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Thread: Simulate TLS 1.3

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    Simulate TLS 1.3

    To understand TLS 1.3, https://tls13.ulfheim.net/ is useful, but unfortunately it contains several discrepancies if you want to follow it in detail (eg. labels are not complete). For the detail, https://tools.ietf.org/html/rfc8448 is better. Unfortunately, Win 8.1 does not support x25519, so the best I could come up with was a simulation without generating the Agreed Secret.

    Like previous cryptographic protocols, TLS 1.3 uses a Session Hash. Unlike previous protocols, it uses 2 sets of keys and encrypts part of the handshake. The Session Hash uses the decrypted data, and Write keys on the Server are Read keys on the Client (and visa versa).

    The attached program attempts to duplicate the steps in the IETF trace example for the Simple 1-RTT Handshake, separating the Client steps from the Server. In the Client and Server portions, the Hash is not calculated or shown, as it is included in the Info. Clicking "Client" or "Server" takes you to the first step of calculating the "Early Secret". Using the "Enter" key advances through each step until the keys are summarized at the end.

    The Key options on the other hand don't show all the information used, the Session Hash is calculated, and calculations are made as soon as the information is available.

    The next step will be to add the actual encryption/decryption as well as the application data.

    J.A. Coutts
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    Re: Simulate TLS 1.3

    Quote Originally Posted by wqweto View Post
    Btw, the Illustrated TLS site source code is available on github: https://github.com/syncsynchalt/illustrated-tls13

    Which labels are missing? I can send a PR w/ the fixes.

    cheers,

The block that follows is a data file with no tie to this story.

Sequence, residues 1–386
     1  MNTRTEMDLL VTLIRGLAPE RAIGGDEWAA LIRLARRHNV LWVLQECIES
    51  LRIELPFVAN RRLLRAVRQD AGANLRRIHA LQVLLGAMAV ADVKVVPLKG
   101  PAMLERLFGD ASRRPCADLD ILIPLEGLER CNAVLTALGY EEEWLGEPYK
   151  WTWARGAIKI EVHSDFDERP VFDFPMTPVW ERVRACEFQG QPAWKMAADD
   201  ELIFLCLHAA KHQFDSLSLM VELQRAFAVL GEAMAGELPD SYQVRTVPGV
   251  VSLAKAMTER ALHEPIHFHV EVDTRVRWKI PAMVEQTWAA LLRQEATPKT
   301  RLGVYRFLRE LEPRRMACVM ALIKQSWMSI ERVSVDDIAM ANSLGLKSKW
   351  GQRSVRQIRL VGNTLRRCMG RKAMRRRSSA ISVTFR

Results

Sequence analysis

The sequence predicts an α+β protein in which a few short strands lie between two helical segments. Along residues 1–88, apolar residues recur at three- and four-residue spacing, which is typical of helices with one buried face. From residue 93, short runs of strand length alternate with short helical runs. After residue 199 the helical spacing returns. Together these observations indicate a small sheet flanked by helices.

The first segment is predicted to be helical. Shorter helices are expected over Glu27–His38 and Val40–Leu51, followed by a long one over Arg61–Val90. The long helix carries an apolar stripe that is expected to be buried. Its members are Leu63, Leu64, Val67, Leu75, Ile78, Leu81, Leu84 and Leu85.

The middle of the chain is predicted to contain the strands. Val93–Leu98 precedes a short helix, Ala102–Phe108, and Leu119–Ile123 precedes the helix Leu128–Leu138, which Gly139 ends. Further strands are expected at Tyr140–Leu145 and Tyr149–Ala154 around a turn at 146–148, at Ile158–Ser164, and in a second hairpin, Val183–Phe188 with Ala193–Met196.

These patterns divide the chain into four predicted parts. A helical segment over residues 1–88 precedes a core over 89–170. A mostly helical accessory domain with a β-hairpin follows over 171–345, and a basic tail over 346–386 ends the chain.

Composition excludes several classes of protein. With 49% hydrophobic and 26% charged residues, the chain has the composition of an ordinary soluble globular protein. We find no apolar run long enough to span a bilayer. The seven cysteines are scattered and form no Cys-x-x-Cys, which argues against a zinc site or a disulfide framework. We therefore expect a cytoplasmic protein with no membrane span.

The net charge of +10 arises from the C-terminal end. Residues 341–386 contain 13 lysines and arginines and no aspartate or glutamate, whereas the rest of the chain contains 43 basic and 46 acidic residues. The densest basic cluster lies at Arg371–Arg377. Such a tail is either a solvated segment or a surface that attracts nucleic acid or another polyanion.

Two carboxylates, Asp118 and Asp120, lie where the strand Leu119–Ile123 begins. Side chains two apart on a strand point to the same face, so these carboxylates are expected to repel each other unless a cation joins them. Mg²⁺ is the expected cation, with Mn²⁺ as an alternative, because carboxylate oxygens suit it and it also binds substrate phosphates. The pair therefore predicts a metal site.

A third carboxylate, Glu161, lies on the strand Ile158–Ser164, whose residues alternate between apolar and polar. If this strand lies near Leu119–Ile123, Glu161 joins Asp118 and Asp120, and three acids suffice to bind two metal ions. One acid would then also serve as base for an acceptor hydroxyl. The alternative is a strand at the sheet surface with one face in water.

</wqw>
    label = "derived" instead of label = "tls13 derived". The "tls13 " seemed to be missing on all the labels. There were other problems, but that was the most obvious. Other than missing details, the site was very informative.

    J.A. Coutts

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    PowerPoster wqweto's Avatar
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    Re: Simulate TLS 1.3

    Yes, they always prefix the label with "tls13 " in hkdf.sh on line 22. On line 18 they have let labellen=labellen+6 which adds the size of "tls13 " prefix.

    Btw, in my effort I never needed pure Expand so from HKDF primitives the module finished with implemented Extract method (which is a glorified HMAC) and ExpandLabel combo as they did in hkdf.sh. That would be like to combine CreateInfo and Expand methods on your clsHKDF in a single ExpandLabel method with more parameters.

    cheers,
    </wqw>

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    Re: Simulate TLS 1.3

    This version adds the actual packet formulation and transmission to the simulation plus a sample encrypted data packet. To accomplish this, separate Client and Server programs are utilized. Because Win 8.1 does not support x25519, the Client Hello and Server Hello had to be imported. Normally, errors 0 to 12 are returned instead of the Agreed Secret to indicate where the error occurred, but this error is not currently being intercepted. Instead, the Agreed Secret used by RFC 8448 is imported.

    I vaguely remember something about the Session Hash being reset after the Handshake is established, but I could not find any information to verify that. If anyone can point me towards such information, it would be greatly appreciated.

    J.A. Coutts
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    PowerPoster wqweto's Avatar
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    Re: Simulate TLS 1.3